Do You Know About Coulrophobia, A Fear Of Clowns

When we were kids, we were excited to see clowns as they are supposedly figures of humor and long-associated with children’s parties, but for some people, they represent something far more sinister.

The word Coulrophobia means a persistent and irrational fear of clowns. It possibly originates from Greek Kolon meaning stilt or stilt-walkers which are often used by clowns. Clowns are figures of fun, intended to provoke amusement and laughter with their hijinks, not screams of horror. Big smiley faces, slapstick, party tricks, bright colors none of these things are typically associated with intense fear. And yet, when combined in the form of a clown, they regularly cause the exact opposite reaction to the one intended.


Joseph Durwin of Trinity University stated that the history of the clowns can be dated back to the jester or fool of ancient times. In those days, the clowns were given permission and were even expected to represent the deviant side of human nature, from openly defying the sexual norms of the day to mocking the gods. The fool would often be linked with dark truths or death and would constantly question the logic in the play. As time went on, the jester morphed into the trickster, a more sinister figure with intentions that were less than honorable.

The modern circus clown is an outgrowth of the tramp clowns of the Depression era. Tramp clowns were largely members of the “unsavory” underclass who entertained the most privileged with a caricatured look at their daily existence. Although most tramp clowns were harmless, a seedy underbelly did exist among the clown circuit.

By the 1980 ’s clown phobia had reached a peak. In more recent times, the portrayal of evil clowns in the media has been a big contributor to instilling the phobia in many people’s minds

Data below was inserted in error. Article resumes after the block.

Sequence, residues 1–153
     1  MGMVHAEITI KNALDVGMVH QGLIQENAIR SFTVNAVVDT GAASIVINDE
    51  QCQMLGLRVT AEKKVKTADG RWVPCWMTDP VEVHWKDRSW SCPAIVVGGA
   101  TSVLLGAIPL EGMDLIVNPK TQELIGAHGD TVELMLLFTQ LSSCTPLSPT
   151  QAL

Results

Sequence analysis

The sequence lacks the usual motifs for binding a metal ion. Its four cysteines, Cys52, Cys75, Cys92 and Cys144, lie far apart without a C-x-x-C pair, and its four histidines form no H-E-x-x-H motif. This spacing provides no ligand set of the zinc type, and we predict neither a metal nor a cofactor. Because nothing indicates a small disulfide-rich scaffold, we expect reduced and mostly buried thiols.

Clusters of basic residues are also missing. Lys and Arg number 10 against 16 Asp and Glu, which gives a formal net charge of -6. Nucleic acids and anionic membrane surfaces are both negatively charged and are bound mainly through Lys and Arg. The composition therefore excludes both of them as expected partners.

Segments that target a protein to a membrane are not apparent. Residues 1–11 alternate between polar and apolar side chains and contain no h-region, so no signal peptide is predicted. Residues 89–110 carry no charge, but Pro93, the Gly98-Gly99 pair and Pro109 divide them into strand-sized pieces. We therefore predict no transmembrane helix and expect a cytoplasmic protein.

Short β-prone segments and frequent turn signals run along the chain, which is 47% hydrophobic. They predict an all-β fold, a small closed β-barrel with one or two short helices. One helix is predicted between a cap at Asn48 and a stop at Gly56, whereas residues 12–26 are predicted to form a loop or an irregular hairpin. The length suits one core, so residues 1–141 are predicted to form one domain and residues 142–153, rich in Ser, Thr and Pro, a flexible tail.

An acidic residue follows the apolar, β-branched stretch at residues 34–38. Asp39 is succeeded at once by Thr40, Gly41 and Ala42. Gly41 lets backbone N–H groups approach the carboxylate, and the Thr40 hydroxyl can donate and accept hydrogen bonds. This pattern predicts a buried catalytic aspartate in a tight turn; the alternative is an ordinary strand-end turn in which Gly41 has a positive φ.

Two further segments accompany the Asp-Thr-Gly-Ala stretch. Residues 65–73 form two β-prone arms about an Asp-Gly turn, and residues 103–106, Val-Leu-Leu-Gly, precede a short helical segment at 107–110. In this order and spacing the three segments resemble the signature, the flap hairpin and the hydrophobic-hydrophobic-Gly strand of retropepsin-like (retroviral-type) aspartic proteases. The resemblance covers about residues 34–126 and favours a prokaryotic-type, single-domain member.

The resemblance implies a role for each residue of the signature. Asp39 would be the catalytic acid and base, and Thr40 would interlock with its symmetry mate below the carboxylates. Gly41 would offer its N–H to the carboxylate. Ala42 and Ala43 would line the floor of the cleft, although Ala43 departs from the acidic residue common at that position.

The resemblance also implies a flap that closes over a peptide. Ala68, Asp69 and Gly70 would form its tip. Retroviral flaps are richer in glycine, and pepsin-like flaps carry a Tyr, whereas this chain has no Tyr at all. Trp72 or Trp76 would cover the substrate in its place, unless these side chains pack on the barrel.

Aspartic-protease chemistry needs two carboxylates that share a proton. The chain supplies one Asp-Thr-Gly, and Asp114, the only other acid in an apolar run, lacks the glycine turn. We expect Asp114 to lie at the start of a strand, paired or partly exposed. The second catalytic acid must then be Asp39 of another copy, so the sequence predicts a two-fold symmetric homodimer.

There isn’t any official data about how many people suffer from coulrophobia, although it is believed that it is much more prevalent in western society. Some of the celebrities who have coulrophobia are Johnny Depp, Daniel Radcliffe and P Diddy etc. Johnny Depp has a funny way of dealing with this, he surrounds himself with clown paraphernalia (wigs, red noses, the lot) in order to ward off evil.

What causes a fear of clowns?

Many psychologists have stated that as children we are familiar with the appearances of our family members and we see them as having a safe and friendly human face. Opposite of this Clown have unnatural, large and distorted features and therefore don’t match the safe, friendly human pattern we have created in our minds.

We know that the faces of the clowns are brightly colored, with stark contrasts like wide bright red lips, against a very white background etc. This triggers an unsafe/unfamiliar face type and we cannot read the facial expression correctly as it doesn’t match the actions or words. This inability to interact with the clown means that we feel under potential threat and feel fearful, panicky and threatened.

Some researchers believe that coulrophobia cases increased when Steven Spielberg classic horror film “IT” depicting a murderous clown was released and the portrayal of Joker as an evil character in Batman movies.